Training for Thailand on the UN Human Rights Mechanisms
On 8.-12. November, a training workshop on the United Nations (UN) Human Rights Mechanisms took place in Geneva, Switzerland. Over the week, five participants from Thailand deepened their knowledge of the UN Human Rights Mechanisms, focusing on the Universal Periodic Review.
Illustration photo: Julie Viker Aanensen/NCHR
A rare, practitioner’s insight into the functioning of the UN human rights institutions based in Geneva
The training workshop, co-organised by the NCHR and the Geneva Academy, was designed for Thai academics and educators involved at university-level teaching or other education programs on UN Human Rights mechanism. However, this year we also included one government official from the Thai Ministry of Justice.
The goal of the workshop was to enhance the participants’ capacity in engaging with the human rights discourse through teaching-learning activities, academic research, and other forms of engagement, aiming to improve implementation of human rights recommendations. Through lectures led by experts from academic institutions, UN agencies and organisations directly involved in UN Human Rights Mechanisms in Geneva; online attendance of the Universal Periodic Review session of Thailand; and insider’s discussion on how academia can engage with UN human rights mechanisms, the participants gained a rare, practitioner’s insight on the UPR process and UN Treaty Bodies.
Extensive program on the UN system
The training aimed to include both theory and practice through engagement with leading experts on UN Human Rights Mechanisms. The workshop took place in conjunction with Mr. Miloon Kothari’s executive course “The Universal Periodic Review and the UN Human Rights System: Raising the Bar on Accountability”, which included participants from ten countries. Due to the on-going pandemic, the participants had the opportunity to participate digitally. Mr. Kothari, a human rights- and social policy expert and the former Special Rapporteur on Adequate Housing, introduced the participants to the UPR process and how to draft better UPR recommendations, termed SMART recommendations, which also included group sessions. The participants also had the opportunity to attend a private meeting with the ambassador Rongvudhi Virabutar and other diplomats of the Permanent Mission of Thailand to the UN Office and other international organizations in Geneva.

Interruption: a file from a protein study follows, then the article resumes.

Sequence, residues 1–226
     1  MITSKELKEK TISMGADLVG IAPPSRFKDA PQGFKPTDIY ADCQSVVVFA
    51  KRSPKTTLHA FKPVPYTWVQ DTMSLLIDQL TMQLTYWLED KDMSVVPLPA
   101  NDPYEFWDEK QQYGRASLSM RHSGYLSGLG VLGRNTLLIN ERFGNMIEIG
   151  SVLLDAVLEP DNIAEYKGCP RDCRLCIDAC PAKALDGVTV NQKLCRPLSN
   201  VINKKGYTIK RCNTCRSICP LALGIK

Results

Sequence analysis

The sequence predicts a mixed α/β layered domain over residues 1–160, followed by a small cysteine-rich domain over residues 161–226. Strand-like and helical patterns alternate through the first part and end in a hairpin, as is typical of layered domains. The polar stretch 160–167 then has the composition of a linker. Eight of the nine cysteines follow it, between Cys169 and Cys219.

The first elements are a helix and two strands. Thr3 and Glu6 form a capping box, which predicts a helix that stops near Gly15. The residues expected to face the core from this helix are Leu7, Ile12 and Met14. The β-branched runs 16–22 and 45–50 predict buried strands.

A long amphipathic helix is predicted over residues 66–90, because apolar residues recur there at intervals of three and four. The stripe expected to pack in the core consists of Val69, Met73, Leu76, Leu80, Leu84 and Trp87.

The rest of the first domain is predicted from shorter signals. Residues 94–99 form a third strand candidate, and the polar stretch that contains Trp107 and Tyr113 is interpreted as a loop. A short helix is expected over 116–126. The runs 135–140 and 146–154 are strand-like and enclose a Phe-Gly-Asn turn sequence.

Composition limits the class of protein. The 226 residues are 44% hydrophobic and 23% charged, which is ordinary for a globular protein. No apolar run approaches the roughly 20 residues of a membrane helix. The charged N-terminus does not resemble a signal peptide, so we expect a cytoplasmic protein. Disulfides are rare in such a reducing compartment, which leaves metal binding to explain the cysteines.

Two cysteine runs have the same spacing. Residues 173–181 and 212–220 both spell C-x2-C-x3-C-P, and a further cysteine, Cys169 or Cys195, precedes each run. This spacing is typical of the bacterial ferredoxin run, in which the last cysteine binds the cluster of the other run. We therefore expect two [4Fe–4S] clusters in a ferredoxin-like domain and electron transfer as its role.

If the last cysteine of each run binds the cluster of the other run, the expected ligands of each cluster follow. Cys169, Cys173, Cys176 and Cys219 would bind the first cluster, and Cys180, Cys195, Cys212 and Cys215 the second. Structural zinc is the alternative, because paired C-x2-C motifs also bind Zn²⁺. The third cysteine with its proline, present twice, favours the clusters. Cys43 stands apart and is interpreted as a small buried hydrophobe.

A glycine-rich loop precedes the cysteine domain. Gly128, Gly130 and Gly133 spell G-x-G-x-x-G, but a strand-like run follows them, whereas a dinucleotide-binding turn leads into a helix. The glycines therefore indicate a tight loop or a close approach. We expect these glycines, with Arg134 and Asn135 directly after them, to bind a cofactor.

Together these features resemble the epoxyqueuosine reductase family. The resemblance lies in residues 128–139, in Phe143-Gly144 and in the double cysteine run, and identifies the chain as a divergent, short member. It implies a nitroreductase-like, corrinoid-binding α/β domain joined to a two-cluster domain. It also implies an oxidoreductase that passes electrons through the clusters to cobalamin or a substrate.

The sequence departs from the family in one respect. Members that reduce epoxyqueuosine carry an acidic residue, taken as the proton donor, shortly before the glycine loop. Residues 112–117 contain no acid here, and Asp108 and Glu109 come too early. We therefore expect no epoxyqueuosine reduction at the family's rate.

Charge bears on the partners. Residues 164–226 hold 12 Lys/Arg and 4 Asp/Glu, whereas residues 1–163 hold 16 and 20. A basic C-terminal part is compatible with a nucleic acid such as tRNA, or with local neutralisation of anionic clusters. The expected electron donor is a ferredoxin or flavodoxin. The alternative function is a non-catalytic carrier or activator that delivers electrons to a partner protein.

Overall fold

The online attendance of Thailand’s UPR session was followed by a panel on stakeholders, which involved representatives from civil society organisations. The workshop further included a panel with UN agencies, including UN women, UNDP, UNFPA, UNICEF and UNHCR. In order to provide the Thai academics with training on the UN treaty bodies, they had an insightful lunch meeting with the Secretary of the Committee on the Elimination of Racial Discrimination, Dr. Marie Joseph Ayissi.
The last days of the workshop focused on civil society’s role after a UPR session, which addressed key thematic areas such as gender equality and the use of national action plans. Insights were provided by UPR Info and the OHCHR. Ambassadors Felix Baumann from Switzerland and Indra Mani Pandey from India further discussed how state actors make recommendations and engage with civil society.
The experts emphasised the important role of academia and civil society, including on how to engage with the UPR process and treaty bodies.
On Friday 12. November, the participants were awarded a certificate for their active engagement and contribution to the training workshop. Miloon Kothari and Felix Kirchmeier, executive director of Geneva Human Rights Platform at Geneva Academy, held the closing ceremony.
The training workshop was the first physical training organised by the NCHR workshop that took place since the outbreak of the pandemic in 2020 and is part of a cooperation between the Norwegian Centre for Human Rights (at the University of Oslo, Faculty of Law) and the Geneva Academy of International Humanitarian Law and Human Rights.